14ymedio, Reinaldo Escobar, Miami, 22 February 2018 — Can I Comment? It sounds like a rhetorical question, but when it is formulated by a lawyer with the vocation of a journalist who has experienced political prison on two occasions, the question has new connotations.
The book by that title by Cuban lawyer René Gómez Manzano, was presented at the Altamira bookstore in Miami on Wednesday, in a presentation that took a moment to transcend the pages of the volume and interact, face to face, with one of the most important chroniclers of deep Cuba of this last quarter century.
Under the careful editing of Grace Piney, the 57 articles compiled in half a thousand pages are divided into five sections by topic. Indictment abounds, but arguments predominate. The language is direct, sometimes sharp and with a sufficient dose of humor.
Because Manzano does not beat around the bush, his prose has that direct style and sense of haste of those who feel that certain things have to be said urgently, as soon as possible, amidst the serious problems that run through the national reality.
The name of René Gómez Manzano burst on the public scene in 1997 when, with Martha Beatriz Roque, Vladimiro Roca and Félix Bonne Carcassés, he signed the document “The Nation Belongs to Everyone.” That gesture cost him a sentence of four years in prison, at which time Amnesty International recognized him as a prisoner of conscience. He is the founder of a group of independent Cuban lawyers called Corriente Agramontista.
In the last decade his articles have appeared in several media of the Cuban independent press, and it is during this same decade, between 2007 and 2017, that the articles were published – particularly on the Cubanet digital site – which now appear in a book format printed in Spain by Publiberia.
At the presentation, and after thanking the attendees, Gómez Manzano explained that it was not easy to decide which articles would be included and which were excluded and emphasized “I have tried to reflect the truth of what is happening in Cuba.”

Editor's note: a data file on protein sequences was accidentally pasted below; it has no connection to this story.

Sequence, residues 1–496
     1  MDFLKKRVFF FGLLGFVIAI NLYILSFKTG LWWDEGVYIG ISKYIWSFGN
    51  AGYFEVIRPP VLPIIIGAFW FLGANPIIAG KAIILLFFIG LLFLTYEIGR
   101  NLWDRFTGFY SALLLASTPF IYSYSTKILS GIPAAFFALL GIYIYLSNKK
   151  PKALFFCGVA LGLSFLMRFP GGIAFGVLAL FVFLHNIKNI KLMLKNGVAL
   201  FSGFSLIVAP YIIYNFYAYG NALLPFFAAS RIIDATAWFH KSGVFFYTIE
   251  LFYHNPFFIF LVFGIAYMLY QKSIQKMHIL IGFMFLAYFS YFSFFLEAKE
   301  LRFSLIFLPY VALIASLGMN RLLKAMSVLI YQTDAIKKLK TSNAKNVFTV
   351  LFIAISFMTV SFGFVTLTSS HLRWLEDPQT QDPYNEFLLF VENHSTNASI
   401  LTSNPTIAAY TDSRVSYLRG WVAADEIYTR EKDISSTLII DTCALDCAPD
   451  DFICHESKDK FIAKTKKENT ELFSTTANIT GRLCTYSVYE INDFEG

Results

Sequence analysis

The author commented that if a scientist from another country wanted to make a study of recent Cuban history, he could not achieve it by searching only the official press. “Even if reading Granma [the state newspaper] didn’t drive him completely crazy, what he would come away with would not have any contact with reality,” he said.
For Gómez Manzano, that is precisely one of the most important obligations of independent journalism: “To offer elements to better understand the sad reality of what our country has experienced.”
René Gómez Manzano chose the title for his compilation because he does not pretend to report only a cold objectivity devoid of his own emotions. He talks about the potatoes in the rationed market, some episodes of the Second World War, the internal contradictions of the opposition, the work of the courts, the repression and whatever comes to mind.
During the conversation with the audience, he did not have to apologize for having exercised his right to speak freely. Quite the contrary, everyone thanked him.
The discussion flowed, time passed and for a moment there was a feeling floating in the air as if the launch of Manzano’s new book was taking place in Havana or another Cuban city, due to the presence of so many compatriots.
The illusion lasted an instant, but completed what was written in these pages written by the lawyer. In the end, everything he said in Can I Comment? seeks, in many ways, to help us reach that future of bookstores and minds open to the plurality of voices that inhabit the Island.
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